The Ducati 851 was a Ducati motorcycle, with
liquid cooling and four valve heads, released
to the public in 1987. Development had lagged
with the continued use of two valve engines,
but new funds enabled a technological move forward
Ducati needed at the time.
After buying Ducati, Cagiva invested in the
development of another V-twin, but with liquid
cooling, and four valve desmodromic heads. Massimo
Bordi, had designed a 4V Desmo in 1973 for his
thesis at the University of Bologna, and with
Cagiva in 1985, saw his updated ideas come into
production as the Desmoquattro.
Based on the Pantah motor, but with liquid
cooling, fuel injection, and desmodromic four
valve heads (with an included valve angle of
40 degrees), the 851 made Ducati race competitive
The original Desmo Quattro was an experimental
748 cc 4 valve racer (seen at the Bol d'Or in
1986) and used 750 F1 Pantah crankcases. Bordi
collaborated with Cosworth to develop the heads,
but in the time they had, they were only able
to reduce the included valve angle of the desmodromic
engine to 40°, while less than 30° was
possible with valve springs. Ducati stuck with
The subsequent 851 road bike had stronger crankcases,
while the heads and valves remained the same;
designed to fit above the 88 mm bore of a 748
The 1987 - 1988 Ducati 851 Strada used the
signature steel tube trellis frame, adorned
with Marvic wheels, Brembo brakes and Marzocchi
suspension. That first release was criticised
for its handling, so front wheel was changed
from a 16 inch to a 17 inch wheel, and even
better suspension components fitted.
The 851 racing bike was the realisation of
one man's dream. Massimo Bordi originally designed
the Desmodromic four-valve engine way back in
1973, and after several mules were developed,
the experimental 705 F1 Pantah-engined bike
was taken out to 851cc. The rest, as they say,
Whether truth or myth, the story about Marco
Lucchinelli and his pit crew rolling up at Donington
Park for the first ever WSB meeting in a van
with a race-kitted 851 Strada is an entertaining
one. Just as entertaining as Lucchinelli's
determination to win, which he did om the second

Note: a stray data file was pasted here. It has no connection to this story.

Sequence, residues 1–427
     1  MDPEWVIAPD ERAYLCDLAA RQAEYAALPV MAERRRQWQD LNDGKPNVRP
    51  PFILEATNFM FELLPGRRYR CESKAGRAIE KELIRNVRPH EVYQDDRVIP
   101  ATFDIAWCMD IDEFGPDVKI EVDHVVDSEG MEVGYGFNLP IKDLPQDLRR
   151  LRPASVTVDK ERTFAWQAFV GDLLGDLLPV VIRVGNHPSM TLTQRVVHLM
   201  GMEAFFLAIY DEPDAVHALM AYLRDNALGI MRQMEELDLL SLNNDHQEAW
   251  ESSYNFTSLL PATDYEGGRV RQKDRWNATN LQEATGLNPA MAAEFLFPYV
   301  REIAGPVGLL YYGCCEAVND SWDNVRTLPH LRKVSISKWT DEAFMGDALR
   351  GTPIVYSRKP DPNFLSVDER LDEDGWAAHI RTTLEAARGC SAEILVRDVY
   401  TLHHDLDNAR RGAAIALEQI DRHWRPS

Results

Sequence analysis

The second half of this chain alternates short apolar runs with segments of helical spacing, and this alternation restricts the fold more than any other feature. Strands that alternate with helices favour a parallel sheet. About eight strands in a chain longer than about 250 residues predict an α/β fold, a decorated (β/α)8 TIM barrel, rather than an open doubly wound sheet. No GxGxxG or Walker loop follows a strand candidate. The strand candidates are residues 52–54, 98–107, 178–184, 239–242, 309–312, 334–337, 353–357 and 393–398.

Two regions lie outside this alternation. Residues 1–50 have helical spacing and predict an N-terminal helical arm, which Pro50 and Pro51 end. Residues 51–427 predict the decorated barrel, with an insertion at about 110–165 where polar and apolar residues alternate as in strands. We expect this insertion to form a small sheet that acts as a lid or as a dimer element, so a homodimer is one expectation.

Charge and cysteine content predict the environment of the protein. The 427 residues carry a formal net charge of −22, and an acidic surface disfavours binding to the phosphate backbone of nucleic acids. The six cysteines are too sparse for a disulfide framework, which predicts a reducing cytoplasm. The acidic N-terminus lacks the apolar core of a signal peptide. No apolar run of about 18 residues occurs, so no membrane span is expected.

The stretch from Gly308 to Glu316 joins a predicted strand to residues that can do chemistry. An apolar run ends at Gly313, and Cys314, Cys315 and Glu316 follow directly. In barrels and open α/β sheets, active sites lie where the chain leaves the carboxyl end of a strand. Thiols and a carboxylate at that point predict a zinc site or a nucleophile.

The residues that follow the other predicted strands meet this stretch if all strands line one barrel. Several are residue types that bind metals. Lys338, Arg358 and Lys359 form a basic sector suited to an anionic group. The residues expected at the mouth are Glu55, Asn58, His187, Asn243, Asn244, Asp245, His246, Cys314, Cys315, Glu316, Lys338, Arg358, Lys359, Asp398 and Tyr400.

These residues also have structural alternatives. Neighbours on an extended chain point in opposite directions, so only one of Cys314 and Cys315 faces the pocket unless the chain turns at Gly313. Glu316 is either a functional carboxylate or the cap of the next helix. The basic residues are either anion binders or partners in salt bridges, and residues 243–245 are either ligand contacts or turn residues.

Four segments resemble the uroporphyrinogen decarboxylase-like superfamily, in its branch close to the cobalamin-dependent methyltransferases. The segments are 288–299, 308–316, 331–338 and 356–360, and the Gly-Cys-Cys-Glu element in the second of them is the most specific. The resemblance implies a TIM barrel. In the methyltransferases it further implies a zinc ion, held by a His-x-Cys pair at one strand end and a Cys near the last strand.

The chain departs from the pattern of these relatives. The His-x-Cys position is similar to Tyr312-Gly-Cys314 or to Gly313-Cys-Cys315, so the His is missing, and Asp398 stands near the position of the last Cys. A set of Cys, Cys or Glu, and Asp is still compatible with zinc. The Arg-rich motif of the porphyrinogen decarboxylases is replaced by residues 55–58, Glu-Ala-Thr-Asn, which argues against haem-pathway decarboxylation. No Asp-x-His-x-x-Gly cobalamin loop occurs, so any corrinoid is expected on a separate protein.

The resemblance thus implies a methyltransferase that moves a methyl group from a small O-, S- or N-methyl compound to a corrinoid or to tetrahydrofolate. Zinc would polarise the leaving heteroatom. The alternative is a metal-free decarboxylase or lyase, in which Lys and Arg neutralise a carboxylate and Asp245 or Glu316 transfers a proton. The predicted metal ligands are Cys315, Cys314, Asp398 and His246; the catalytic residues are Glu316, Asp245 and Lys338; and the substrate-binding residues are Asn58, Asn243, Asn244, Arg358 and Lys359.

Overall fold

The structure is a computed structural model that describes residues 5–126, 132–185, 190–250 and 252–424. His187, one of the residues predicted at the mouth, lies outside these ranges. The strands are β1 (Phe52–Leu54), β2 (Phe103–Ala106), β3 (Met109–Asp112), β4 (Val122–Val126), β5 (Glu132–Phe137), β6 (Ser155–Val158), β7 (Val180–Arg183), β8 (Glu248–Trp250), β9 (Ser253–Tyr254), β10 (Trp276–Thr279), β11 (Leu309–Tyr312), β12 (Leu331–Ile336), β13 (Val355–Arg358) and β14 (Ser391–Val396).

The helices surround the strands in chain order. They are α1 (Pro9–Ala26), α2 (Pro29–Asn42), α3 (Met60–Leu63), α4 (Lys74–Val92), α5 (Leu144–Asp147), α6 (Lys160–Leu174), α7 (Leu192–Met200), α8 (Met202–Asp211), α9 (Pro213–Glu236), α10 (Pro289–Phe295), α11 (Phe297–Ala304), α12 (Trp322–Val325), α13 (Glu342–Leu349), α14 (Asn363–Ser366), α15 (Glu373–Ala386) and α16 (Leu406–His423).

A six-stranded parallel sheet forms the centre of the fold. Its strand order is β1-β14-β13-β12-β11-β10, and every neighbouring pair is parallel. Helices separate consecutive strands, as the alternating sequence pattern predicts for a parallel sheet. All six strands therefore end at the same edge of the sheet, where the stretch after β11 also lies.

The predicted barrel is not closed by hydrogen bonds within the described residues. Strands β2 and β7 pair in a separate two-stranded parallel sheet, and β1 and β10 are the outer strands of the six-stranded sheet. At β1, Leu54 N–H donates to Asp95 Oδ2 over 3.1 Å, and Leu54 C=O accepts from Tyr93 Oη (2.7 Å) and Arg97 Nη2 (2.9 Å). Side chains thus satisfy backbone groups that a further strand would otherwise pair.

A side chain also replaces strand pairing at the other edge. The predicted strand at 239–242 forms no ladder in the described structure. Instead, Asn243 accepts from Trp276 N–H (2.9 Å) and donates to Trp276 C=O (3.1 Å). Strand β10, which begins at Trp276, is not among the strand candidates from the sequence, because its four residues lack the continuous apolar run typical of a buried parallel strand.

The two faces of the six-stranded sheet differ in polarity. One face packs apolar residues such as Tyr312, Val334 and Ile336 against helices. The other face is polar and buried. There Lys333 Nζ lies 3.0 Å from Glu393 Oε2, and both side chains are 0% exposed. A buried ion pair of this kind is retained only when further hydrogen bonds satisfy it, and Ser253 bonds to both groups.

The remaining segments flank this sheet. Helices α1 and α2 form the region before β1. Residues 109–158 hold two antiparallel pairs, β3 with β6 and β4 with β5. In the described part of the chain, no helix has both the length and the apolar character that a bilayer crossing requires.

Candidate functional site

leg. This result set Ducati on an upward spiral
to WSB domination in the year to come.
If 1988 was a learning curve for Ducati, 1989
was the year they put theory into practice.
Ducati came out fighting in WSB with an improved
851 and Raymond Roche at the bars. Roche took
second place in the riders’ championship.
Further improvements to the 851 saw the 1900
v-twin engine's bore go up 2mm (to 94mm) to
take capacity to 888cc, although it was still
known as an 851. Honda might have won the WSB
manufacturer title, but Roche won the rider's
title on the 851.
Ducati's rout of WSB started in 1991. Still
at 888cc and still tagged the 851, the Ducati
was sorted in every area. Its handling outshone
the Japanese bikes by a country mile. The engine
delivered less horsepower than the Hondas and
Yamahas, but its midrange torque made up for
this by out-powering everything out of the turns.
Doug Polen secured Ducati the first of six manufacturer
titles from 1991 to 1996.
This Ducati can also be attributed with sending
Carl Fogarty on his way to WSB fame and fortune
by taking a win on a non-works privateer 888
at 1992's WSB opener at Donington Park. The
888 era ended when it was replaced by the equally
Carl Fogarty said: The 851 was great to ride.
It was very smooth and torquey. In a way it
combined the best bits of the Yamaha and the
Honda. It was fast, it handled well and when
I was in a corner I didn't lose the front. It
set me up for the rest of my career with Ducati.
Getting off the four cylinders it felt different
because it revved to under 11,000rpm. When I
first rode it at Cadwell I thought;oh God this
is so slow but when I came in the lap times
were there. You never felt like you were actually
going that fast.
In 1992 the bore was enlarged, thus creating
the Ducati 888.